Distraction osteogenesis for craniofacial syndromes
A team of experts from many specialties at Children’s Hospital of Wisconsin use a comprehensive approach to treat craniofacial syndromes, including underdeveloped jaws.
Distraction osteogenesis, or mandibular bone lengthening, is a process to treat underdeveloped bones. It is especially useful in the treatment of small jaws in infants and children. When successful, it may avoid the need for tracheostomy in children born with small jaws who have difficulty breathing. It is perhaps the most important advance in craniofacial surgery in the last 20 years, enabling treatment of conditions that in the past could not be addressed so effectively.
Our expertise and experience
In 1994, Children's Hospital of Wisconsin surgeons in the Craniofacial Disorders Program were the first in North America and Europe to perform distraction on a series of neonates born with underdeveloped lower jaws. Our extensive experience with this technique has shown it to be very effective. Since we first performed distraction almost 20 years ago, we have successfully treated more than 150 children with varying diagnoses. Our research, clinical experience, refined techniques and dedicated group of pediatric specialists have been critical to our good results.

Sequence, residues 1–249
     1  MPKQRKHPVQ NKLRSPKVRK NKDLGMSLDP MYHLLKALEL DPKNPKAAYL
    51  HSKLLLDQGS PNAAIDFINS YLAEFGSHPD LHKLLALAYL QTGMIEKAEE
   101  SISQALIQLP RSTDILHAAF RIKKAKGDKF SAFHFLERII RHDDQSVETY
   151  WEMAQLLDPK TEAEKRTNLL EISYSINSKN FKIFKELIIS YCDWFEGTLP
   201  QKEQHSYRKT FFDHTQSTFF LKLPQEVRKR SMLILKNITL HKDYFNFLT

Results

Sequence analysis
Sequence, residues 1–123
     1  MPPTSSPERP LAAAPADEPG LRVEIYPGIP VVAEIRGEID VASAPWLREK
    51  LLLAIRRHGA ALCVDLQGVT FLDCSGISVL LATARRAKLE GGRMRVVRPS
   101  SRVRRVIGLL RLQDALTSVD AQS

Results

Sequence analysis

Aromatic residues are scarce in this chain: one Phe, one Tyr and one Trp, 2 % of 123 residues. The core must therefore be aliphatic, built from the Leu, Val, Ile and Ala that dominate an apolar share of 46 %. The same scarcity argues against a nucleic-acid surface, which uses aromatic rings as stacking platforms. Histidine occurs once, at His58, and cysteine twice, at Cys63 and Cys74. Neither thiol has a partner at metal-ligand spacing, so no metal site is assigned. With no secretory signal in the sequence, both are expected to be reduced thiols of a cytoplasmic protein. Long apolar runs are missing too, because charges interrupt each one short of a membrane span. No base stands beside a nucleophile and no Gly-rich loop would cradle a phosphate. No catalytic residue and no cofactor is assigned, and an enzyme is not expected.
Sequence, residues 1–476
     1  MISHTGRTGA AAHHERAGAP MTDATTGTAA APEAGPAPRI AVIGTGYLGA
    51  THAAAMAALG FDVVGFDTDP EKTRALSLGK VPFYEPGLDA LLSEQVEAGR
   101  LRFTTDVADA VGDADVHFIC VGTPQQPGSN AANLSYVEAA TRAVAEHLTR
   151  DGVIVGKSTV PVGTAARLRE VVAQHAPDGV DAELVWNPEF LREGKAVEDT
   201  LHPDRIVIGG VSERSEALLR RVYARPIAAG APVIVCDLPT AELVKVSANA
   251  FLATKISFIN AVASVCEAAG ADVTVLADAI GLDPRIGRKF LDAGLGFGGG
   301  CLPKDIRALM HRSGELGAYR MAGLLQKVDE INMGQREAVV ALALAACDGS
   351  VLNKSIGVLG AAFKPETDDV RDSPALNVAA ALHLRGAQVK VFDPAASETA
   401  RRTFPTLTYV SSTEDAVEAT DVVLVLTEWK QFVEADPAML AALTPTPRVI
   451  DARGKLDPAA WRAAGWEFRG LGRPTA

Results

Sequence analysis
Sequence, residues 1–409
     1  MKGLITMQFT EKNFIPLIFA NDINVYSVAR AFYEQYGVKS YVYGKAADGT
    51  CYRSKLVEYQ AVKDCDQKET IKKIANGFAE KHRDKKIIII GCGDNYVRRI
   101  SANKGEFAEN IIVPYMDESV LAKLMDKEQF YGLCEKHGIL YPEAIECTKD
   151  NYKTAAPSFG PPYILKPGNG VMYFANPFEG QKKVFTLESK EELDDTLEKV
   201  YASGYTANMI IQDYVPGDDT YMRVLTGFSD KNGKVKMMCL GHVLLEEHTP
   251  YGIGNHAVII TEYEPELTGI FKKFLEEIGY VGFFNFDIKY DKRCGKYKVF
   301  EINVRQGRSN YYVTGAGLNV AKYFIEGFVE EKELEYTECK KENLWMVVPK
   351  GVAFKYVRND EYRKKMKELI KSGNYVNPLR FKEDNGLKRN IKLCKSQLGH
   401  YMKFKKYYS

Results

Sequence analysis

The distraction process
The distraction process is not limited to one condition. Some syndromes that might qualify for distraction include:
- Pierre Robin sequence
- Stickler syndrome
- Hemifacial microsomia
- Crouzon syndrome
- Apert syndrome
- Velocardiofacial syndrome / DiGeorge syndrome
- Freeman-Sheldon syndrome
- Pfeiffer syndrome
- Nager syndrome
- Saether-Chotzen syndrome
- Carpenter syndrome
- Oculo-auriculo-vertebral (OAV) defect spectrum
- Treacher Collins syndrome (TCS)
- Opitz syndrome
- Atypical facial clefts
Learn more about the distraction process.
Is distraction right for my child?
We have used distraction to treat newborns as well as older children. Our patients often are referred to us when previous treatments haven’t worked.
For example, infants are referred for distraction when other efforts to manage their airway, like intubation and prone positioning, have failed. Doctors sometimes refer older children for distraction for reasons other than airway problems. These problems may include mismatch of the jaws, making chewing difficult, for example. Another reason may be that the child had a tracheostomy in early infancy because a small jaw made breathing difficult, but the child did not grow normally and now needs his or her jaw lengthened so that the tracheostomy can be removed.
How can distraction help?
The immediate concern for a child born with certain craniofacial syndromes is a blocked airway. Many times, the jaw is too small to allow space for the tongue, so the tongue slides back into the throat. This can block the airway and make breathing difficult, and it also can prevent or complicate normal eating.
In a recent study of 11 newborn babies who received distraction at Children's Hospital, all had their breathing tubes removed within 3 to 6 days after the surgery. More than half were eating by mouth at 1 month of age, and all were eating by mouth at 1 year of age.
If you have questions, call our craniofacial / plastic surgery nurse clinician at (414) 266-2825.